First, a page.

Roscommon and South Leitrim Constituency Profile: Roscommon and South Leitrim is somewhere you sense was never quite completed when an independent Ireland began nation-building. Travelling through the soft countryside of the constituency, there is evidence of absence everywhere.
Every village down to the smallest hamlet seems to have a ghost estate at its edges. And there are many tumbledown houses from previous generations: families who died off or emigrated.
Broadband is dire in most places and some 21,000 homes are on water boil notices. And, of course, there’s Roscommon Hospital and the raw nerves that still exist about the removal of its A&E services.
The strange thing about it is that Roscommon isn’t far-flung from Dublin, like the western seaboard. Two vastly improved road networks, the M6 and N5, pass through the county north and south, giving great access to Dublin in an hour and a half. Yet it can give the sense of being as remote as Donegal or west Kerry.
Roscommon is not peripheral, but the people on the doorsteps will tell you it has been marginalised. Its smallness gives it a striking sense of familiarity and community.
On a canvass of the Ardsala Wood estate with Fianna Fáil leader Micheál Martin, candidate Ivan Connaughton and Cllr Orla Leyden, people have lots of issues. Among those they encounter is a woman who is taking her daughter with suspected appendicitis to Portiuncla Hospital in Ballinasloe, which is the nearest A&E since the unit closed in Roscommon.
Quite a few people are wearing T-shirts with “Join the Boys” logos. That’s a remarkable campaign set-up for a local family whose three young boys have all been diagnosed with Duchenne Muscular Dystrophy, a degenerative disease. Most people in the town seem to be involved and have been generous with time and money.
One last election
Some 10 candidates have declared for next Friday’s byelection to fill the vacancy caused by Luke “Ming” Flanagan’s election to the European Parliament. This will be the constituency’s last election. Leitrim will be gone into a new northwest constituency the next election and Roscommon will be joined with a swathe of East Galway.
It’s striking the level of agreement and consensus among the candidates on the issues and the solutions, including one that urbanites find hard to fathom: turf wars. Nearly every house in the county has a stack of turf for winter – nobody lives too far from a bog.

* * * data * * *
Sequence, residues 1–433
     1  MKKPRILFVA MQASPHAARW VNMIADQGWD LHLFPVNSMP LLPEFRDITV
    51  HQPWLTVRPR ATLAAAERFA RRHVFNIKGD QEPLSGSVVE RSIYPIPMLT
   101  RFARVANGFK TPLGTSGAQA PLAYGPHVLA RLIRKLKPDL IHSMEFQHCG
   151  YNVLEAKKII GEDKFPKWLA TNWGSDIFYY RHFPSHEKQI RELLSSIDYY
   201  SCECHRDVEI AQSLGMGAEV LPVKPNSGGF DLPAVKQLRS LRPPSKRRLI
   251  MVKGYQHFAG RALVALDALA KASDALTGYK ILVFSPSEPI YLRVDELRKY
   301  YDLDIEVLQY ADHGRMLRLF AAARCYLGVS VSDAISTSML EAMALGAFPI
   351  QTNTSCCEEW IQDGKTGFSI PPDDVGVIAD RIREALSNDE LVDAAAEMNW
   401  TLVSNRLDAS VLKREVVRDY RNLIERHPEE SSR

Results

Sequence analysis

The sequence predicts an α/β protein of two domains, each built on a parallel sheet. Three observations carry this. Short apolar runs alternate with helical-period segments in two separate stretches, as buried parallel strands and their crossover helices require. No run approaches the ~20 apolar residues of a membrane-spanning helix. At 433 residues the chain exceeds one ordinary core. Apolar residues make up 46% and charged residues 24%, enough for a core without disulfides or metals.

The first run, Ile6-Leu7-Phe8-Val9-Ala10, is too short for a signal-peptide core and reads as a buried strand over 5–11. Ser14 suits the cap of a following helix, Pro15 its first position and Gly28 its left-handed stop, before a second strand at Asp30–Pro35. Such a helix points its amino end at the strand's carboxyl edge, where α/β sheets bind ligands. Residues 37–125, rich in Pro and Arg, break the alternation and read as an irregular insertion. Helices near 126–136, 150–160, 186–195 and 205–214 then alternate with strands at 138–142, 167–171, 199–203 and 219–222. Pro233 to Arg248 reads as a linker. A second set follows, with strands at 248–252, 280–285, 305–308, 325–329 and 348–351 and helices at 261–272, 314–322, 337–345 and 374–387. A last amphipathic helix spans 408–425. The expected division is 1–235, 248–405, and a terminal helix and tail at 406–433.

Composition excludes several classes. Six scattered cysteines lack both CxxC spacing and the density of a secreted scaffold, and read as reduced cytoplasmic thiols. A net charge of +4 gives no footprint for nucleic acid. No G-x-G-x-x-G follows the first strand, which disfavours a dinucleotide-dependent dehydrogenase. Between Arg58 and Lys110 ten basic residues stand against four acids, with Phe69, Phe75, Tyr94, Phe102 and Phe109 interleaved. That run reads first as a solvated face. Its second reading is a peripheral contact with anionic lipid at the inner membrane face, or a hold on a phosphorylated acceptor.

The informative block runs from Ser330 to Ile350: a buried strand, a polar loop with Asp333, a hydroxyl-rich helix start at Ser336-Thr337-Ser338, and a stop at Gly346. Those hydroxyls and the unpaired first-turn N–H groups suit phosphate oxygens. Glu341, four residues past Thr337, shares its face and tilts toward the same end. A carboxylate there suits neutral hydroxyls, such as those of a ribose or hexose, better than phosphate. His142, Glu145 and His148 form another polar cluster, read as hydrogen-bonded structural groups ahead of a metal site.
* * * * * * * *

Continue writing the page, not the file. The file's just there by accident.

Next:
For most people, the right to cut a family plot out-trumps a sheaf of EU habitats directives.
The big exception to consensus is the hospital, which remains a bitter issue. Connaughton has been put down as the front-runner, following strong local elections. Fianna Fáil has needed to address its absence of female TDs and there were two obvious candidates here, both excellent. But neither Orla Leyden nor Rachel Doherty was willing to stand.
Connaughton, low-key and hard-working, put his head above the parapet in 2011 when nobody else would. If he wins, the seat will be his to keep. The only female candidate is Fine Gael's Maura Hopkins, a young occupational therapist who specifically moved back from Dublin to win a council seat.
Very impressive as Hopkins is, given the controversy over the hospital and the traditional struggle of Government parties in byelections, it would be a surprise if she was in the final shake-up. The same disadvantage applies to Labour Party Senator John Kelly, although he is well-liked.
Threats from the left
The biggest threats to Fianna Fáil come from Sinn Féin's Martin Kenny and Independents Michael Fitzmaurice and John McDermott. The elbowing by Frank Feighan of McDermott, the hospital action committee candidate, at an event attended by the Taoiseach became a big story.
There's no better advocate than McDermott for the need for A&E response, including better air responses. In Strokestown, a huge crowd has gathered for a Sinn Féin rally. Bizarrely, Martin Kenny is not there because he's in Dublin for a Prime Time debate.
The dark horse is Ming Independent Michael Fitzmaurice. A central figure in the turfcutters’ association, Fitzmaurice has been backed heavily by Flanagan. He’s a formidable candidate in his own right and has a national profile as the prime mover in the turfcutters’ association.
Fitzmaurice, a huge bear of a man, is a “doer” who hates standing on ceremony and “bollixing around”. In physique and in his style of communication, he reminds one of Ben Dunne – direct, to the point.
He also has a few disadvantages. He lives in Glinsk, Co Galway, which (for now) is not in the constituency. He’s also a county councillor in Galway and pulled an impressive vote in the northeast of the county. In 2016, he will be living slap bang in the middle of the new constituency.
As the campaign enters its final days, it may be Fitzmaurice who will mount the biggest challenge.